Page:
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Clarion Chat Sample

Karen Joy Fowler portrait

Karen Joy Fowler

For your sampling pleasure, here is a transcript of the Clarion Circle's March 24, 2006 chat with Karen Joy Fowler.

Karen Joy Fowler is the author of The Jane Austen Book Club, among other novels and story collections. She has won the John W. Campbell Award for best new writer, a Nebula, a World Fantasy Award, and a grant from the National Endowment for the Arts. Together with Pat Murphy, she created the James Tiptree Jr. Memorial Award, given annually to a novel or short story that helps expand our understanding of gender in today's society. She has taught at the Clarion Workshop numerous times.

You, too, can take part in these fascinating and educational discussions about the craft and business of writing and the writing life by joining the Clarion Circle now!

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Chat Host -- Nikki Ballard

Guests in attendance -- Nancy Etchemendy (Clarion alum and Clarion Foundation Treasurer), Michael West (Clarion alum), Kate Wilhelm (Clarion Workshop co-founder, instructor, and Chairman of the Clarion Foundation Board), Bob Moreland (Clarion Circle member), and Boris Layupan (Clarion alum).


NancyE: Hi, Michael!
kjfowler: Hi, Michael
CH-Nikki: Hi Mike and welcome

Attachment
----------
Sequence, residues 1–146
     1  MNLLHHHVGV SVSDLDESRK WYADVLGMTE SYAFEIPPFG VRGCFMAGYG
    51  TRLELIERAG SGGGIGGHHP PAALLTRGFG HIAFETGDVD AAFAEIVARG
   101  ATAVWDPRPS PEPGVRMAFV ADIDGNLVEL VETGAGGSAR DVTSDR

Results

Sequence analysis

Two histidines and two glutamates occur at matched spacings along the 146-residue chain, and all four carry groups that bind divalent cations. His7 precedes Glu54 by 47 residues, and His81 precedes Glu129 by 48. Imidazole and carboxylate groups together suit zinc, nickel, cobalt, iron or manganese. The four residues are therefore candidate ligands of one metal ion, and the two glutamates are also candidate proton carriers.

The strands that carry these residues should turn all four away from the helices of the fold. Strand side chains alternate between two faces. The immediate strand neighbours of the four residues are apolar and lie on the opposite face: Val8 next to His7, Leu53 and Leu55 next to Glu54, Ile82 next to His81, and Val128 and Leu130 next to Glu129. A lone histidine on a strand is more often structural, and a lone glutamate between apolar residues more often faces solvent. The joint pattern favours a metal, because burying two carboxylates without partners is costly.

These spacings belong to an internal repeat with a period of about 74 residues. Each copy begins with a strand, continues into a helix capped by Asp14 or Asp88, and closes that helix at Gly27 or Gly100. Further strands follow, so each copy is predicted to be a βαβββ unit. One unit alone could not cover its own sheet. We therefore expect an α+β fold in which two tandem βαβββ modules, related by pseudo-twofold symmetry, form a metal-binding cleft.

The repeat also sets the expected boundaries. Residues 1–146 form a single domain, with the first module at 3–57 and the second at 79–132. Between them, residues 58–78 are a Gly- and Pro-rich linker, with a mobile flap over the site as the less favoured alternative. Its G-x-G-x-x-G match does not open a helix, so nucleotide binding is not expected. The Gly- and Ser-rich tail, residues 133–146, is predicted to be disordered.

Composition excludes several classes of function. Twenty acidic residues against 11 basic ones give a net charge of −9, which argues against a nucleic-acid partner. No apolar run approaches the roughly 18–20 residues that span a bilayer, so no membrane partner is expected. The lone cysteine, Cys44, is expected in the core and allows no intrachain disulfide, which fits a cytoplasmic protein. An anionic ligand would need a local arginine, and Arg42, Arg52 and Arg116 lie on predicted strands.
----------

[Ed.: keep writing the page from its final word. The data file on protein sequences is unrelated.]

mwest: hi from Sacramento
kjfowler: I'm down in Santa Cruz. Is it raining at home?
NancyE: Sacramento? You're not far from Karen's usual haunts.
mwest: gloomy gloomy here
*** kwilhelm has joined channel #clarion
NancyE: Hi, Kate!
CH-Nikki: welcome Kate!
kjfowler: Hello, Kate
CH-Nikki: If you have any questions, please type question (or QUESTION), then ask.
kwilhelm: Hello, Karen, Nikki, and whoever else is around.
NancyE: Mike West is also here.
CH-Nikki: Mike from the message boards
kjfowler: What shall we talk about?
CH-Nikki: At least I think you've posted on the message boards
CH-Nikki: First your introduction
CH-Nikki: Welcome to our chat this evening with Karen Joy Fowler, author of The Jane Austen Book Club, among other novels and story collections. She has won the John W. Campbell Award for best new writer, a Nebula, a World Fantasy Award, and a grant from the National Endowment for the Arts. Together with Pat Murphy, she created the James Tiptree Jr. Memorial Award, given annually to a novel or short story that helps expand our understanding of gender in today's society.
CH-Nikki: Is there anything you'd like to add to that?
kjfowler: I wonder if everyone knows that the Tiptree went this year to Geoff Ryman's Air?